My thanks to Yale University Press and NetGalley for a review copy of this book.
Tumultuous is perhaps one word we might use to describe the world around us today, and one face of this is the citizens’ protests we are witnessing in numerous countries—West or East, ‘developed’ or ‘developing’. Looking at these protests, against, among other things, unfair government policies, racism, denials of basic rights, one can’t help but acknowledge that they are indicative of something very wrong, not only with the world we live in but also dissatisfaction with the people that represent (or are supposed to) us and the systems and policies they implement. And also, that protests aren’t something that ought to be the norm. Yet, A Good & Dignified Life: The Political Advice of Hannah Arendt & Rosa Luxemburg helps one view these events with a somewhat optimistic lens for drawing from the thoughts of two influential thinkers, Rosa Luxemburg and Hannah Arendt, it gets us to see that the fact that people are saying ‘no’ shows they retain a voice, and have not simply given in due to fear or become unable to distinguish lies from truth, the worst that can happen in any political system. In other words, perhaps all is not lost, though there is indeed ‘danger of ending up in “dark times”’.
A Good & Dignified Life: The Political Advice of Hannah Arendt & Rosa Luxemburg is an essay by Dutch author and philosopher Joke J. Hermsen, and translated into English by Brendan Monaghan, in which she looks into the lives and political thoughts of these two remarkable women, drawing our attention to how their thoughts can help us view and address the situation we see around us in current times, as well as really how some of their personal worldviews can be an example to even perhaps the sceptics amongst us.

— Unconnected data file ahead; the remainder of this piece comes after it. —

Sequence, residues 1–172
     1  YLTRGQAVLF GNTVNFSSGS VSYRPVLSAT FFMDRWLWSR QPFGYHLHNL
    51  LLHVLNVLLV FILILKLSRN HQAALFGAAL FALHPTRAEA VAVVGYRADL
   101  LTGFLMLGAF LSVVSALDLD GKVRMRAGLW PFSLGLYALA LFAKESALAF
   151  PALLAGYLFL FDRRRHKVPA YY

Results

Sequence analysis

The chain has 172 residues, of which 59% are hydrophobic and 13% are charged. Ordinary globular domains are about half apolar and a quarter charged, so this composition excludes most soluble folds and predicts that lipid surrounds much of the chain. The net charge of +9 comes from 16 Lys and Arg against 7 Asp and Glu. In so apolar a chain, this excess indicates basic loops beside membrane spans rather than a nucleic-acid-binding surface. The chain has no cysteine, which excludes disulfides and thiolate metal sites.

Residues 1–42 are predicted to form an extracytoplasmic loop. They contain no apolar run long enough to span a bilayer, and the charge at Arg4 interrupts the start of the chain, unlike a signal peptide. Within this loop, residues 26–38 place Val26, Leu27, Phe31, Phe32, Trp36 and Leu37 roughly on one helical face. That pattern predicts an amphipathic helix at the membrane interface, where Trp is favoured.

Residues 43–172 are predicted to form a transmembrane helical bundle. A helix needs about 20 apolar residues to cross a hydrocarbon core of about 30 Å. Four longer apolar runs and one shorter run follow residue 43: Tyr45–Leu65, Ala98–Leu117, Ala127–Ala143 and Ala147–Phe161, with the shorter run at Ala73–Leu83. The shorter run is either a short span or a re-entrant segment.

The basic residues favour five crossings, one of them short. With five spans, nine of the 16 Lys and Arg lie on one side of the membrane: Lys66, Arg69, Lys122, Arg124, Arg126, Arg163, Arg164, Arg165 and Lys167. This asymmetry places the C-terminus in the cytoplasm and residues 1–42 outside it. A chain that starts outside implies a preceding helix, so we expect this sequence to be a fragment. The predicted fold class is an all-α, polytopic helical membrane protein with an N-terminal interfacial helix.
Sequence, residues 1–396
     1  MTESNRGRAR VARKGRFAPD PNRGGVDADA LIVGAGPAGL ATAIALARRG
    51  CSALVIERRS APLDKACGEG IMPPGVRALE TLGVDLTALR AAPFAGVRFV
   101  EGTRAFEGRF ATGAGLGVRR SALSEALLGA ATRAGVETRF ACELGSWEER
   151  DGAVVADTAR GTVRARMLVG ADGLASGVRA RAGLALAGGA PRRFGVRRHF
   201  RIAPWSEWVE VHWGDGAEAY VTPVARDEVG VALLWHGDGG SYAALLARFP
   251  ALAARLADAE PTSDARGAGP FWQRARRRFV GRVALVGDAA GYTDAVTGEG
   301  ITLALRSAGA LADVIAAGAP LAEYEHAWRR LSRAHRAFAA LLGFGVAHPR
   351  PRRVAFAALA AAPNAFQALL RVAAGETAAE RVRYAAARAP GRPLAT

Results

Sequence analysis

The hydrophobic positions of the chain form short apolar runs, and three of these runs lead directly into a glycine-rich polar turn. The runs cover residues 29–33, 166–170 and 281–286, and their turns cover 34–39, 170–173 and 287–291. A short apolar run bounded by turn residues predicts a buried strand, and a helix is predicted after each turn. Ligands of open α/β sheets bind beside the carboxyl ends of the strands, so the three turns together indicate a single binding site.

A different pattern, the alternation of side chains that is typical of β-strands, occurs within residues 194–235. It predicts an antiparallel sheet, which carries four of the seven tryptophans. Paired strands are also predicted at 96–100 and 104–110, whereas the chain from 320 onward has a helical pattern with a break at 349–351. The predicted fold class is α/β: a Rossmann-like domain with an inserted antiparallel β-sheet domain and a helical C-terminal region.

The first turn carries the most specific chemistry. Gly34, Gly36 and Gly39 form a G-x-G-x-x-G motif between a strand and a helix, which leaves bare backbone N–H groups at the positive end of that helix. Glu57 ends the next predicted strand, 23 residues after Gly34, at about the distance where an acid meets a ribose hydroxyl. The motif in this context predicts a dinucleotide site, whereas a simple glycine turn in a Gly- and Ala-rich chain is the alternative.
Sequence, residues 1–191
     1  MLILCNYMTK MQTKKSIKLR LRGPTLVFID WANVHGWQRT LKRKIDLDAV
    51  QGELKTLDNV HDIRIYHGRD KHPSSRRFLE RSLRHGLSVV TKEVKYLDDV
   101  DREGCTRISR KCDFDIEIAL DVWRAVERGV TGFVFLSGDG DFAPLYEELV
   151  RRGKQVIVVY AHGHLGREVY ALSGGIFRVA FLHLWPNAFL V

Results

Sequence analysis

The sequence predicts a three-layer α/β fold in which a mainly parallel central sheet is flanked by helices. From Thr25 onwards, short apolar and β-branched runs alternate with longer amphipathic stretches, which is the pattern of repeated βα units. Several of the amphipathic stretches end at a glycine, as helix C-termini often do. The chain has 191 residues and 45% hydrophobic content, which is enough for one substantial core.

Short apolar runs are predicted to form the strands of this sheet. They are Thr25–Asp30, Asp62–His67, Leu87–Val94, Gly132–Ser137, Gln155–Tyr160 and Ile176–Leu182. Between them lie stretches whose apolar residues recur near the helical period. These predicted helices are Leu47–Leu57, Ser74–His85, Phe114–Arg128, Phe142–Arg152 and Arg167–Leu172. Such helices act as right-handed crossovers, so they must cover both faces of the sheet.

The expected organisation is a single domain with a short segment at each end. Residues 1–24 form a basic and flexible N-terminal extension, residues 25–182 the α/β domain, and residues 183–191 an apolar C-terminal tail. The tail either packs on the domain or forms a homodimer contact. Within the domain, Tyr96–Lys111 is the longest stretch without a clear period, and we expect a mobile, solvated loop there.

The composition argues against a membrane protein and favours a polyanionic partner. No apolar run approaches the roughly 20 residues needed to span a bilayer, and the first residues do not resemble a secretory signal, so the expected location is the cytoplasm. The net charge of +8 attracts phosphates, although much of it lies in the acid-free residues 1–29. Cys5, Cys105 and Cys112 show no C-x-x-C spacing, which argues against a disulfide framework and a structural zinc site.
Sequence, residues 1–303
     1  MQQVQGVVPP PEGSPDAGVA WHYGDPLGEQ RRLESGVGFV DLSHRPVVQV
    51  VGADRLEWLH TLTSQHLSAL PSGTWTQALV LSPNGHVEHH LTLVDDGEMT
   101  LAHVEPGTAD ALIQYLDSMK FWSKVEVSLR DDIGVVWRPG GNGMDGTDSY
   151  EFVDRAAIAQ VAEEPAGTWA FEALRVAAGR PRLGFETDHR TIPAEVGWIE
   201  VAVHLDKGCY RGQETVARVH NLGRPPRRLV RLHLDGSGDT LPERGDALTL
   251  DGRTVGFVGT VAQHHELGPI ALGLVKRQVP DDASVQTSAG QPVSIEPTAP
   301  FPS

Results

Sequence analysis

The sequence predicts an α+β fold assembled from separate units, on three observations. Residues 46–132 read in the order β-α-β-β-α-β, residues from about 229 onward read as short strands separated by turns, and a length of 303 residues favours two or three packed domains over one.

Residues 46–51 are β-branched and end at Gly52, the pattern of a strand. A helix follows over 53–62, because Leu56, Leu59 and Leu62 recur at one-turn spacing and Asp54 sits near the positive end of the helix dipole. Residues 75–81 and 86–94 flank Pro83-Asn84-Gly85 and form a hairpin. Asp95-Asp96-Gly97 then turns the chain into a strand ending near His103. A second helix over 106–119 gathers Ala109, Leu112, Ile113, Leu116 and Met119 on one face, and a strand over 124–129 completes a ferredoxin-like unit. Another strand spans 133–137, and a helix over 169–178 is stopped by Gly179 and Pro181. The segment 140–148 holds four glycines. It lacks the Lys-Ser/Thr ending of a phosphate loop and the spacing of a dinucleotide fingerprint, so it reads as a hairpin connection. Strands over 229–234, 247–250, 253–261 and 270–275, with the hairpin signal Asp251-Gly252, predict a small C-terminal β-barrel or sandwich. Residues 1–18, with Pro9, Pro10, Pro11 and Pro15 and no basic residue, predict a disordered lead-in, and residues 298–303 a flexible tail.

Rosa Luxemburg was a Polish-born, German socialist, activist, and philosopher who was much ahead of her time in her thoughts, and foretold much of what Germany would face if they went ahead with the Kaiser’s war against France. A strong advocate of good education for all, and ideas like reasonable work hours and rest, she also warned against the pursuit of the exploitative capitalist and imperialist path, that much of the world was (and is) on. She was imprisoned several times, and ultimately murdered in the post-war revolution in Germany. Luxemburg served as an inspiration to Hannah Arendt who referred to her in her own work, where she warns, among other things, of the dangers of totalitarianism. In her essay, Hermsen highlights and analyses the relevance of their ideas and also links them to current-day events, particularly the French gilets jaunes or yellow vests protests that took place over 70 consecutive Saturdays against rising fuel prices, economic injustice, and the policies of the government, which she witnessed when living in France at a time when she was engaging with Luxemburg’s writings.
Arendt and Luxemburg shared convictions about human dignity, freedom, political commitment and the need to keep thinking critically. They believed in the need for collective responsibility and that if we turned away from the ‘public world’ whether out of indifference or frustration or a lack of time, we open it to risks of barbarism. Simply casting our vote and getting on with our lives was not sufficient. For them engagement was critical, and this would happen, as Arendt suggested through citizens’ councils. Both also saw that ‘a consumerist, capitalist society is incapable of taking care of the world and the people inhabiting it’.